Author Topic: Ginxu step hokum  (Read 5115 times)

burchas

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Re: Ginxu step hokum
« Reply #30 on: June 15, 2022, 03:42:21 PM »
Another nudge back on topic! Doesn't seem to be game changing tech from this review...

https://youtu.be/jcqzdVbY5b4

I guess it depends who you ask. Seems like the poor reviewer was force fed a humble pie :D
My first time on a sinker board felt like a game changer, where the game was rigged against me. He sounded just like me describing my experience after that session :P

Hmmm, perhaps. I get that he might have had issues with the instability getting started, which is one of / the main drawback of the design (as well as weight), but I still think that he'd be able to articulate the standout benefits of the board (which are supposed to include easy take offs, easy touch downs) if it really does offer something revolutionary. If it's such a difficult design for an intermediate (as a minimum) rider, does it have any business being applied on a board of that size? Maybe at 82L but the range goes up to 120L!

I remain to be convinced, but will keep an open mind. I'm sure the design have some benefits, but there are clear disadvantages too. I've tried to interpret the German reviews, but the auto translate is mainly spouting gibberish...

Few take aways from his review is that this board is really hard to get started whatever that means. He repeated this mantra few times. In reality this board should be easier to get started if we are to believe the marketing.
The other observation is that this board was not as effective on touchdowns as the drifter which is again counter to what the marketing would have us believe.
in progress...

juandesooka

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Re: Ginxu step hokum
« Reply #31 on: June 15, 2022, 08:37:02 PM »
I've tried to interpret the German reviews, but the auto translate is mainly spouting gibberish...

To my ears, most board design jive talk sounds like a bad German translation.  :o 8) :P

PonoBill

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Re: Ginxu step hokum
« Reply #32 on: June 15, 2022, 09:30:51 PM »
The old maxim of board shapers is that clean design makes for great boards, and wacky tails make for great sales. For some reason, people think fanciful tail designs are important, but in general, it's the least important element of board design. I think foil boards might be an exception to that rule since they spend a lot of time in the air, and the transition from floating to two feet above the water is critical. But I can't help but call bullshit on this design. It looks like wallet bait.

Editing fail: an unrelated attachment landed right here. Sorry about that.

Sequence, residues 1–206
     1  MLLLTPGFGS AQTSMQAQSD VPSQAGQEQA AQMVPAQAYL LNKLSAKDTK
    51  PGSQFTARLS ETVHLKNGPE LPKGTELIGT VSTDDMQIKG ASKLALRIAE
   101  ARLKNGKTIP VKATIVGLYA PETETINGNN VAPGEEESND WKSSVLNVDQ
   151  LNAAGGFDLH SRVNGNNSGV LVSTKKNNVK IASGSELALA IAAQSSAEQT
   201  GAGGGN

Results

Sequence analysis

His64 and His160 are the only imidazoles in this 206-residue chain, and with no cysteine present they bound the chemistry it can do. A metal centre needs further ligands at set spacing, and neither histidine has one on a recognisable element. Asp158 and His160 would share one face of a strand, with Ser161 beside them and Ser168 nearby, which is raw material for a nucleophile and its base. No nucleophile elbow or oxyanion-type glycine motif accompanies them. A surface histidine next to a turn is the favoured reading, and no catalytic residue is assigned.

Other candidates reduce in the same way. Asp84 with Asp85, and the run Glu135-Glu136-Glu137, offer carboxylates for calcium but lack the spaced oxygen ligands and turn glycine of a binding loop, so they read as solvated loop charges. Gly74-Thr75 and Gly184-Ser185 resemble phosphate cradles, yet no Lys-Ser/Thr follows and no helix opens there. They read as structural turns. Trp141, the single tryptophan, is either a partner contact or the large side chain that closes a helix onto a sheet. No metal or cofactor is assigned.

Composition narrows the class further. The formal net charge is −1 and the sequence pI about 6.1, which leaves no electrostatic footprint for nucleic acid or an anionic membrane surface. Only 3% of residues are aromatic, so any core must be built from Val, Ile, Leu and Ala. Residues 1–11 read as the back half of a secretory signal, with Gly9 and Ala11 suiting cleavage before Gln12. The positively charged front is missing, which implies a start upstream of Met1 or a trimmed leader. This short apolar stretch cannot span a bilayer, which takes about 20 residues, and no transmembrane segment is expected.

Foote 10'4X34", SIC 17.5 V1 hollow and an EPS one in Hood River. Foote 9'0" x 31", L41 8'8", 18' Speedboard, etc. etc.

juandesooka

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Re: Ginxu step hokum
« Reply #33 on: June 16, 2022, 09:35:42 AM »
The old maxim of board shapers is that clean design makes for great boards, and wacky tails make for great sales. For some reason, people think fanciful tail designs are important, but in general, it's the least important element of board design. I think foil boards might be an exception to that rule since they spend a lot of time in the air, and the transition from floating to two feet above the water is critical. But I can't help but call bullshit on this design. It looks like wallet bait.

That's a great line, going to steal that. But substitute lines so that the rhyme matches  ;D  "clean designs make for great lines, wacky tails make for great sales"

Solent Foiler

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Re: Ginxu step hokum
« Reply #34 on: June 16, 2022, 11:33:11 AM »
Just read some feedback on Seabreeze forum saying how the rider felt more connected to the foil and the foil felt smaller/more responsive. This sounds like the benefits from riding a shorter mast to me. The Ginxu clearly does make your effective mast length shorter, and there are cheaper ways of getting the same effect!
I'm 5'10", 66kg riding:
Swift Foil Boards custom 4'10 x 19.5" 35L
Gong Lethal 4'6 65L
Axis ART 799, 899, 999,1099, US fuse, 85cm mast
Gong Fluid L-S, XXL-S on 85cm and 65cm mast
Duotone Slick 3m, 4m, 5m

pafoil

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Re: Ginxu step hokum
« Reply #35 on: June 16, 2022, 10:09:41 PM »
There seems to be mixed feelings about the board.  For me, the width is a no go, specially in the bigger sizes.
After riding 22 and 21 inches wide boards, I have no interest in a board over 22 inches. Reaction, tight turns, etc are much better under 22 inches.
These wide boards are good beginner boards.
For now, Im staying with my 5,4 by 22 KT drifter.

 


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